This eventually developed into the workhouse system. Instead of receiving charity in their homes, needy people were sent to workhouses, which became a common sight in the English urban landscape. In these fortresses of misery, life was often made a misery in order to encourage people to leave and find regular work.

Men were separated from their wives and children from their parents, seeing each other only at prescribed times. Able-bodied people were expected to work. If they refused they were sent to workhouses and set to work grinding corn with hand-mills, breaking stones, or some other monotonous, demeaning task.

A Nineteenth Century poet complained bitterly how poor families were torn from their homes and humiliated:

“…The lions at London with their cruel paw, you know they have passed a Starvation Law. These tigers and wolves should be chained in a den, without power to worry poor women and men.

“Like the fox in the farm-yard they slyly do creep, these hard hearted wretches, O, how dare they sleep. To think they should pass such a law in our day, to bate and to stop the poor widow’s pay.

“And if they don’t like their pay to be stopp’d, ‘gainst their own will into th’ Bastile (workhouse) they’re popped. Their homes must break up, and never return, but leave their relations and children to mourn…

“When a man and woman for sixty long years, have toiled together through troubles and fears, And brought up a family with prudence and care, to be sent to the Bastile it’s very unfair.

“And in the Bastile each woman and man, is parted asunder, is this a good plan? A word of sweet comfort they cannot express, for unto each other they ne’er have access.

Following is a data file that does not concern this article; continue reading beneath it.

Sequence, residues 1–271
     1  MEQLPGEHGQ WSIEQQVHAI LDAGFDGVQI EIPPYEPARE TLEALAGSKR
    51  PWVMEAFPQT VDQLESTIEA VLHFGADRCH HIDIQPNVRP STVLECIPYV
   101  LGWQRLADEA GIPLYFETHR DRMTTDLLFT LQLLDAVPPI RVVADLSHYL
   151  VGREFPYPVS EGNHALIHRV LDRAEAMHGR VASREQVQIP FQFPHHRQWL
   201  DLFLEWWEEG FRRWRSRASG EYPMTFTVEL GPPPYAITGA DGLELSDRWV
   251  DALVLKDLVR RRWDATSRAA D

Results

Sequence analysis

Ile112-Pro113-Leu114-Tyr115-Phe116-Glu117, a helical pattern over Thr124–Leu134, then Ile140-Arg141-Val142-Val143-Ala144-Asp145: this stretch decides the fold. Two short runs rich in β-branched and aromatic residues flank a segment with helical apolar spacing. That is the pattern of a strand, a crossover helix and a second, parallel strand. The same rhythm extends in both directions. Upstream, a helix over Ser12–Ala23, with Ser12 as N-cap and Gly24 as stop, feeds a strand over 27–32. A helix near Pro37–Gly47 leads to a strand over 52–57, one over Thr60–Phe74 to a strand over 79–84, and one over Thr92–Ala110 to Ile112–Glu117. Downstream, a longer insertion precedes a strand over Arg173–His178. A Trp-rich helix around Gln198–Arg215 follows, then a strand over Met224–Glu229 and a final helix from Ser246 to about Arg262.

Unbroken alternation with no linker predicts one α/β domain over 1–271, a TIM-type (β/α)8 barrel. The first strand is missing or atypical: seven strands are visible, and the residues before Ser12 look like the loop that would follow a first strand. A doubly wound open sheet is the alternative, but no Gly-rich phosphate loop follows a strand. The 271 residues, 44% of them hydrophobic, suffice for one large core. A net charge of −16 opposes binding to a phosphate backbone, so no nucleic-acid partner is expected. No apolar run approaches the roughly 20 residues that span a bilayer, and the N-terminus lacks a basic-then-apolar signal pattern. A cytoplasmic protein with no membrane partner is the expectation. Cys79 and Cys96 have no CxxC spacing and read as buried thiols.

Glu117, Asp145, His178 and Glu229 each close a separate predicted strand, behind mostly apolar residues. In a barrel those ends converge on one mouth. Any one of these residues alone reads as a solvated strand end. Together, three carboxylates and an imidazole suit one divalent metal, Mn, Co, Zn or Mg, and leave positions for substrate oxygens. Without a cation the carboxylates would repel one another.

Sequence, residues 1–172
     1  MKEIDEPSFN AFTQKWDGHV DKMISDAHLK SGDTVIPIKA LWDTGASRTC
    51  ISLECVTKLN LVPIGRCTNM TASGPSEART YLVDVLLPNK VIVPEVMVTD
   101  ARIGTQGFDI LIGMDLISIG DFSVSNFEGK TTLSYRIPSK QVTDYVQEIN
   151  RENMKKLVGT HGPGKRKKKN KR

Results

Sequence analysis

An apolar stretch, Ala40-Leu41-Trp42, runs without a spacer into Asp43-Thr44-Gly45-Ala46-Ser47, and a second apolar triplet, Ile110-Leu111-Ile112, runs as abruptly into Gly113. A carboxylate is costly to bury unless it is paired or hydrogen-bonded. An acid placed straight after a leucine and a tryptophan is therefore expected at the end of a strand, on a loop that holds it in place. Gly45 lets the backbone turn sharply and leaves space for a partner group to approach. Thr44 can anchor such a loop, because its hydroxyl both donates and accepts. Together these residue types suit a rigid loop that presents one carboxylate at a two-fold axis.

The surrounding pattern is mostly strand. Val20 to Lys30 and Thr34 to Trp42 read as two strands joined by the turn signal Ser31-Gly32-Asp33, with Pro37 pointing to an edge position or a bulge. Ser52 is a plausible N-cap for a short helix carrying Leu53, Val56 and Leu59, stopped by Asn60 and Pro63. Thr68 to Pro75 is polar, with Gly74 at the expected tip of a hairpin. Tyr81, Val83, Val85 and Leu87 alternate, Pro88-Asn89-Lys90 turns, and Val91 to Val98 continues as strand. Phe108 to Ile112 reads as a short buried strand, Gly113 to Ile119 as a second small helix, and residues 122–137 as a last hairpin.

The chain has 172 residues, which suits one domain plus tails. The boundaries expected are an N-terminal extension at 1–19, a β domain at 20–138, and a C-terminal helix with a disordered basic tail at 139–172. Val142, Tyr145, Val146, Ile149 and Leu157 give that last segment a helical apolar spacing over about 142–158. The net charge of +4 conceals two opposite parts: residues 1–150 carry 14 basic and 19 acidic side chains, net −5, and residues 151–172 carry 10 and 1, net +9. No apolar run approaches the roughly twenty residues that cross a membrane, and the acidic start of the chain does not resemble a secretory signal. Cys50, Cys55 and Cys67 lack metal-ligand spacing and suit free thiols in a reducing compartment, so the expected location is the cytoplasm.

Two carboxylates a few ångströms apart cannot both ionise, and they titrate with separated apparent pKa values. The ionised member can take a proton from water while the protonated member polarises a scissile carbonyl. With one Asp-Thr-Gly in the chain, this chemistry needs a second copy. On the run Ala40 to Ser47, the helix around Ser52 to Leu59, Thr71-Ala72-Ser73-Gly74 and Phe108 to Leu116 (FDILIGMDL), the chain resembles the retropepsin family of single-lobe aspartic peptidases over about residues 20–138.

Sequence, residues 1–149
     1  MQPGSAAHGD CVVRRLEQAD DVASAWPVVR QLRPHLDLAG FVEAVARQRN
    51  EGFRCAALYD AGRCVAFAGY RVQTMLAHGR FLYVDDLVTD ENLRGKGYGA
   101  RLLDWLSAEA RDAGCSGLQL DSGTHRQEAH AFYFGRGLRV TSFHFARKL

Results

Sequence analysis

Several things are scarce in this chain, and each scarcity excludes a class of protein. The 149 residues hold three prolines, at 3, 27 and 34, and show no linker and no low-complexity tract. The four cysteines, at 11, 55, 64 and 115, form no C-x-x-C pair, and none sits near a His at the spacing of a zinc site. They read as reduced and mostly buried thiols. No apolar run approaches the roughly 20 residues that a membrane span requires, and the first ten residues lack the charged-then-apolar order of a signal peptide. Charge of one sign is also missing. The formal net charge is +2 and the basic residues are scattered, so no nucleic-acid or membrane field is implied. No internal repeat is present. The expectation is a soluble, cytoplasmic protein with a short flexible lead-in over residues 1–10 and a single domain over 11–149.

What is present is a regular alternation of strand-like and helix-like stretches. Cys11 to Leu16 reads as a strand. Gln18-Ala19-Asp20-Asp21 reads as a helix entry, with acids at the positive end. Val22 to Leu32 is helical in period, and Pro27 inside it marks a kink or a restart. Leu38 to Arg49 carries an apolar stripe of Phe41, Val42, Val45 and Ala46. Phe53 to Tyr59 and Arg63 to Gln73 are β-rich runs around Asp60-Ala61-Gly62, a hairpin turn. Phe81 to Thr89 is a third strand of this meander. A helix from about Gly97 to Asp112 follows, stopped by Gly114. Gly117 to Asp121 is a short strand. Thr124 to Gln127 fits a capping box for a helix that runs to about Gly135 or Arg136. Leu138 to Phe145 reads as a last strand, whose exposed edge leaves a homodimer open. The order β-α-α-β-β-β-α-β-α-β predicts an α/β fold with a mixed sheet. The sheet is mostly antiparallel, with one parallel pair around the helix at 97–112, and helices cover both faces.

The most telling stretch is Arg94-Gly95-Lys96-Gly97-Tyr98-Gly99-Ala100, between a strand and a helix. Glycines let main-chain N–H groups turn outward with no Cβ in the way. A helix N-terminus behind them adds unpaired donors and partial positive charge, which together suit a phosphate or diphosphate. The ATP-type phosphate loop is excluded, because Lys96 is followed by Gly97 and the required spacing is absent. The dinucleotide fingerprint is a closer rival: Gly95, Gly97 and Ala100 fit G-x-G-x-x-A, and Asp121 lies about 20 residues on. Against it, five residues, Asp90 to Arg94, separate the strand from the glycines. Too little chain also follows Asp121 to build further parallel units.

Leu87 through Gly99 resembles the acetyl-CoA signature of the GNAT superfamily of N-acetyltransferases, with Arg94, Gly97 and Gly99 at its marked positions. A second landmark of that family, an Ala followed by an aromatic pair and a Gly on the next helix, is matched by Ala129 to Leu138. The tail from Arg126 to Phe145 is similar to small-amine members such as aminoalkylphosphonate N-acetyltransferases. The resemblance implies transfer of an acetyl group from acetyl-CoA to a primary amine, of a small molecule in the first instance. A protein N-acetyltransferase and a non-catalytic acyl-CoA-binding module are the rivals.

“Of their uniform, too, you something shall hear, in strong Fearnaught jackets the men do appear, In coarse Grogram gowns the women do shine, and a ninepenny cap, now won’t they be fine?…”

The negative English attitude towards paupers influenced US law to a huge extent. Until fairly recently, public begging was forbidden by law. In the New York County records of 5637/1877, we find a judge applying his mental faculties to determine a suitable punishment for a young, crippled beggar:

“It appears that Frank Haller is a boy about ten years of age, and a cripple, unable to stand, and obliged to move on his hands and legs. At the time of his arrest, he had been moving down Broadway on the sidewalk, from John Street to Wall Street, thence down Wall to New Street, and had gone a short distance down New Street when he was stopped and taken into custody by the officers. As he passed along the sidewalk, the officer saw him hold out his hand to several persons and receiving money from them, but he did not hear him speak to any of them.”

The sage judge rejected an argument that the youngster should be let off the hook, as no one had actually heard him asking people for money:

“The act of begging alms or soliciting charity is the offense condemned by the law, in whatever form that act may be committed… Indeed, the class of silent beggars who exhibit deformities, wounds or injuries which tell plainer than words their needy and helpless condition are the most successful of solicitors for charity, and especially is this so when the object of alms is a young and helpless child.”

During the last few decades, US judges have begun taking a more merciful stance to begging, arguing, among other things, that denying someone the right to appeal for help is in violation of the First Amendment that guarantees free speech.

What a contrast is all this to the Torah that begins with chesed and ends with chesed. As Rabbi Akiva tells Turnus Rufus during their argument, to give tzedakah is to help the son of the King!

(Partial source: Goldstein, Rabbi Dr. Warren, “Defending the Human Spirit, Jewish Law’s Vision for a Moral Society,” Feldheim Publishers: Jerusalem/New York, 2006.)